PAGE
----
1970 AMC Hornet, August 2004

 

This month is off to a good start. The interior is approximately together, needing mostly inexpensive items and labor (door panels, cleaning, passenger-door hinge replace, etc) so it's time to start on the engine compartment.

A minor but nice milestone was moving the car from our small parking lot to the scroungy pad in front of my workshop. (The parking lot was 100 steps away, not that far, but annoying when I had to go back for one bolt, one washer). I just rolled the car out onto the street and rode the gravity well. Brakes, steering all got used for the first time.

Last weekend I went to U-Pull-It in Sun Valley and brought back $100 worth of pleasant junk. Carb, radiator, more brackets, TFI spark coils, some interior parts. Spent the rest of that weekend degreasing and painting parts.

This weekend I finished cleaning a bucket of hardware (the vibratory tumbler glass-pyramid media clogged up, added a few ounces of degreaser in the last hour, worked wonders), cleaned and painted yet more brackets, went to the parts store and got a Delco alternator, sent off the water pump and power steering pump off for rebuild. (Strictly speaking the P.S. pump was fine, but I assume it leaks, it's 30 years old... I'm trying to be very harsh about what gets money spent but (1) I don't want one worn item to spray oil over a spotless chassis and (2) I don't want to do it twice.

I had three water pumps (one good used) in the junk pile, and had no idea which was the correct one for this engine (short or long shaft). So I took the Three Stooges pulleys and did the mix'n'match thing, and came up with one combo that lined up the V-pulley groove with the harmonic balancer -- the short shaft pump and the tallest pulley.

(The parts store looked up the number stamped on the pump (a rebuilder's number) and verified it's the right pump for the motor.)

They've got a bunch of parts books they're going to dump, so I will retrieve them all, and do a full cross-listing of water pumps. I'm hoping there are only two.

During the last few weeks I've been cleaning up the 1982 manifold set, extracting rotten water nipples, scraping crud and all the usual work. Rotary wire brush in the small electric drill made it look quite nice (Eastwood clear spray hopefully will keep in that way). I checked the faces for flat, ran a tap through all the holes in the block, tumbled all the bolts, it went together quite nicely. (Yup 1982 intake manifolds fit perfectly on a 1969 block.)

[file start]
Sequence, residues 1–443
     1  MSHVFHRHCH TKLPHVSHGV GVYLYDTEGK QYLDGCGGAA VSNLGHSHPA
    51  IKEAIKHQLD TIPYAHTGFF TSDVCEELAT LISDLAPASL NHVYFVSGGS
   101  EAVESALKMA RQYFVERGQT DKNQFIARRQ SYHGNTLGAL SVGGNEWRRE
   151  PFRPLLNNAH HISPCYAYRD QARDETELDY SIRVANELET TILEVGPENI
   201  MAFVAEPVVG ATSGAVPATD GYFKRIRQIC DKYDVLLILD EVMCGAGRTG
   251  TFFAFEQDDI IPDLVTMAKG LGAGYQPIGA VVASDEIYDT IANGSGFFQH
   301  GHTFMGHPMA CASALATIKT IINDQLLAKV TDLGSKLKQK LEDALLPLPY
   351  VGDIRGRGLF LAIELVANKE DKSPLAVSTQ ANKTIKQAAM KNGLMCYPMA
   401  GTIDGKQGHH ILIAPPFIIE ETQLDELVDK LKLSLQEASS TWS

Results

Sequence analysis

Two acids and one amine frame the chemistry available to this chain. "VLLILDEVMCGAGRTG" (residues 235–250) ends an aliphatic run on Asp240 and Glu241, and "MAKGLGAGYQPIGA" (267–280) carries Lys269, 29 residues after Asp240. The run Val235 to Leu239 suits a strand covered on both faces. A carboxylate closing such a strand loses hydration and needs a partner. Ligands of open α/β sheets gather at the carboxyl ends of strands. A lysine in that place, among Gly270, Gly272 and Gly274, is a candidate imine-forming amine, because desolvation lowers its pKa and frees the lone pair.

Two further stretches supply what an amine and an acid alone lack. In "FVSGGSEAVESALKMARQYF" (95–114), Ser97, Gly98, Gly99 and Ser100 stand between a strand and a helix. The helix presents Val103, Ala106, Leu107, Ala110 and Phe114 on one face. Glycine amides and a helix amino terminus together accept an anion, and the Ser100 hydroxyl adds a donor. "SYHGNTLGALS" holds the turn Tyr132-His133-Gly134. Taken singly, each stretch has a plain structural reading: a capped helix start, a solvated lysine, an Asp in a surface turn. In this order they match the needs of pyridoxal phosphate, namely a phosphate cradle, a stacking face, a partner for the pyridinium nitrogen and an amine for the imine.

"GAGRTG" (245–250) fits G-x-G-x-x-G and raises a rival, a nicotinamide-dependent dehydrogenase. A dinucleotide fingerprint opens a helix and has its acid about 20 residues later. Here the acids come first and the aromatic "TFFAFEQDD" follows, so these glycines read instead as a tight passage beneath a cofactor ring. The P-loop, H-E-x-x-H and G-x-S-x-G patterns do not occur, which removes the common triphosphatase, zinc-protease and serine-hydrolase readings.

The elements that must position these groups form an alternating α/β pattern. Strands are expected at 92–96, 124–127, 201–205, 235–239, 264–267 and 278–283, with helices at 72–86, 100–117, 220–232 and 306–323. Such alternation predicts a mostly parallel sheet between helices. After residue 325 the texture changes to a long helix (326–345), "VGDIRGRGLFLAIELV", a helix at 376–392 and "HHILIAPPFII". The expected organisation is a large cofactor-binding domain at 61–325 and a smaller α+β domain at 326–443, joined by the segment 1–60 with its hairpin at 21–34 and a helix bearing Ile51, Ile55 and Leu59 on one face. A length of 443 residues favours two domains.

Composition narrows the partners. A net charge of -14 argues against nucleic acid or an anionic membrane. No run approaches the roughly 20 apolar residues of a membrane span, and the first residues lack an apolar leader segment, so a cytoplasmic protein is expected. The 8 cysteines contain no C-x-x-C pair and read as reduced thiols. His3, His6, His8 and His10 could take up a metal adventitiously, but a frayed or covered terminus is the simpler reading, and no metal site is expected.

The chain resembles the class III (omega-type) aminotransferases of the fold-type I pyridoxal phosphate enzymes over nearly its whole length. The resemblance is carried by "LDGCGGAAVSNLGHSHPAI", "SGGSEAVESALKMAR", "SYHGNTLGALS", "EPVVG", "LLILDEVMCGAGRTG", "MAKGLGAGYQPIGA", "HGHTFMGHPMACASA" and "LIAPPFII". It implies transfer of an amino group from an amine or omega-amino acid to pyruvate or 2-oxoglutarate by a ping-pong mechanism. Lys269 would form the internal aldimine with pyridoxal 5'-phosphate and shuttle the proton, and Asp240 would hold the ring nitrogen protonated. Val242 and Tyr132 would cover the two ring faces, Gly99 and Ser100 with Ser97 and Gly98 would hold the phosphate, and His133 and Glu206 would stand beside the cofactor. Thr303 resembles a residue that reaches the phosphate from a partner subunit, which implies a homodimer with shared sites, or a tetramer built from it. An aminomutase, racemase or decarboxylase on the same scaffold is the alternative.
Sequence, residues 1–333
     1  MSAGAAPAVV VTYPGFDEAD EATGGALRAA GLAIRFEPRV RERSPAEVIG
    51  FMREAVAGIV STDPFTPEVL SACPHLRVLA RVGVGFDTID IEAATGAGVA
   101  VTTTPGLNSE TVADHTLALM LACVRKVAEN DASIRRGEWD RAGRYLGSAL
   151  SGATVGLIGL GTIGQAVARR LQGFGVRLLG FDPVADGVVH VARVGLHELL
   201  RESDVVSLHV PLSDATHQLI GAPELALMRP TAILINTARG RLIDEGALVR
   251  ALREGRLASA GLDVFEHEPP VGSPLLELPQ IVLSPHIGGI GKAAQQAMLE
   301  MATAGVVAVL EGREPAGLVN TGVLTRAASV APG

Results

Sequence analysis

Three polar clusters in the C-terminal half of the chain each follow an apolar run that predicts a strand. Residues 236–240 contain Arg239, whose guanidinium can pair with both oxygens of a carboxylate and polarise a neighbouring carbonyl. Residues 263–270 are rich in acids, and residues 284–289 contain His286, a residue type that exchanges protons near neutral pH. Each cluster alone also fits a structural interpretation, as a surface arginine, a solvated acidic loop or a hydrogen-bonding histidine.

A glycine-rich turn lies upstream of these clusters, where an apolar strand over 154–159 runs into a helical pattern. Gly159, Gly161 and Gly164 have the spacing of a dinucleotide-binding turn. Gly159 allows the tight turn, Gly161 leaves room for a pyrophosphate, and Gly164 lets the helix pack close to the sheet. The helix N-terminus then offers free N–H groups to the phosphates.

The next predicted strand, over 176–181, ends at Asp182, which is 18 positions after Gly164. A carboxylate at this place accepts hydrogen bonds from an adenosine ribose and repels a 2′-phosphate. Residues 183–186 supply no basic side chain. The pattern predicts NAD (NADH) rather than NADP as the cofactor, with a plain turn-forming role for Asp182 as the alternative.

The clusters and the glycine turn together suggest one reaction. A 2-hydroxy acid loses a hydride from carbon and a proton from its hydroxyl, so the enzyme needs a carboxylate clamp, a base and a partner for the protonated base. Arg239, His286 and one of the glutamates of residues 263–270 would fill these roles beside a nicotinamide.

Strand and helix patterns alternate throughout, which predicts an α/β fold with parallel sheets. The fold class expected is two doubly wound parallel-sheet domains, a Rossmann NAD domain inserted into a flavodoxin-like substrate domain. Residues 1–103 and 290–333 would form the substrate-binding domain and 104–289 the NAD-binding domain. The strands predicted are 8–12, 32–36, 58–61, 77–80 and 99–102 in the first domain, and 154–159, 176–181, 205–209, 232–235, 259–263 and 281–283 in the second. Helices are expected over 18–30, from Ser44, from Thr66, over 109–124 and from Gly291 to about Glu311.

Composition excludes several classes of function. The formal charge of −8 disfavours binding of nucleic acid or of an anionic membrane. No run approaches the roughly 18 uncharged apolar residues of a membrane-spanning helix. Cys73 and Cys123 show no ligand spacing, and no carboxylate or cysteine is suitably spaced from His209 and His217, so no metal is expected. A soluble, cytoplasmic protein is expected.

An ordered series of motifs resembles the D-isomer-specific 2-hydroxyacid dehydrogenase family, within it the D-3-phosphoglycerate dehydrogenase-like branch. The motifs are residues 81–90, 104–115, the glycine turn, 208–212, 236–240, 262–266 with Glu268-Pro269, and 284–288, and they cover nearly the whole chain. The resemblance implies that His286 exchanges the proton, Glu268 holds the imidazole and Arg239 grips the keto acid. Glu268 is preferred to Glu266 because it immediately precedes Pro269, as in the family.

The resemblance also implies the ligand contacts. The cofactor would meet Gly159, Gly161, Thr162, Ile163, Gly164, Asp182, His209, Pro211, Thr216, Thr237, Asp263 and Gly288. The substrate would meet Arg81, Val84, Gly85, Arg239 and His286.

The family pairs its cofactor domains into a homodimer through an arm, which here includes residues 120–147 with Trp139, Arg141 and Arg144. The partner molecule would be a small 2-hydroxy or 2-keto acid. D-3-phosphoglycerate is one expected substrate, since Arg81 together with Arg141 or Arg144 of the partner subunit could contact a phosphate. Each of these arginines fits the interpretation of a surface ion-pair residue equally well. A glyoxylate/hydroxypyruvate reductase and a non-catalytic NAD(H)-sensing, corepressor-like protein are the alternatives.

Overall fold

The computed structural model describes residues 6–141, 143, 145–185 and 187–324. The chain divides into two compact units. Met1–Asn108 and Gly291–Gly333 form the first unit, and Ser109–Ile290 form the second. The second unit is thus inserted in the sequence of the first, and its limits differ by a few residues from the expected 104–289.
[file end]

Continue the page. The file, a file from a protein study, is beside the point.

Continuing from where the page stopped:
I made a simple blocking plate out of 3/16" aluminum for the EGR port, and the extraneous sensors, and the exhaust pipe to the EGR intake are all standard pippe thread (1/2" I think) so those block off nicely. Good nickel anti-sieze on everything!

Brackets. I fanatically collected brackets. 69, 70, 80, 82, late 70's, you name it, I got it. I figured I'd move engine accessories around to juggle weight and clearances. I've used the 1980+ A/C bracket to put a Sanden in my 1963 Classic (with 1970 motor), required a bit of reworking, I was ready for that. What I wasn't ready for was that nothing fit -- other than the A/C pump. The alternator won't fit on the right side using the 1980+ bracket (hits the timing chain guts). Power steering pump for pre-1975 (I think the changeover year, don't quote me) doesn't fit the new brackets at all. Didn't want to go through the interchange hassle, the advantage wasn't great enough, so it's all back to stock pre-1972 accessory positions! All those brackets bought, collected, cleaned, painted, for nothing!

The Delco alt went in OK. I've done this before, so have lots of people. There's known clearance problems (the Delco is larger than the old Motorola). Since I have the radiator out, it was immediately obvious the new, fat alternator wasn't hitting the block, it was hitting the bracket. I lopped a chunk out of the bracket and got another 5 degrees of swing out of it. This time, unlike the one on the Rambler, I removed the four screws holding the alternator together, and rotated it 90 degrees to put the electrical connections not up against the block (duh). (Pull the casting just barely back enough to rotate past the boss, or you'll pop the brushes.)

As you can see, the alternator is a very tight fit in the original pre-1972 position. The tapped boss I'm holding has about 2.5" of swing total, should be enough, but will mean the belt will be hard to get on!

Though the engine does somewhat distract from the otherwise-clean compartment, it's starting to look like a car. One good thing about using the 1970 brackets is that it puts the Sanden on the drivers side, which makes the A/C plumbing potentially very neat -- everything will be on the drivers side. It will be my second A/C install, hopefully it'll be better than the first (which was OK).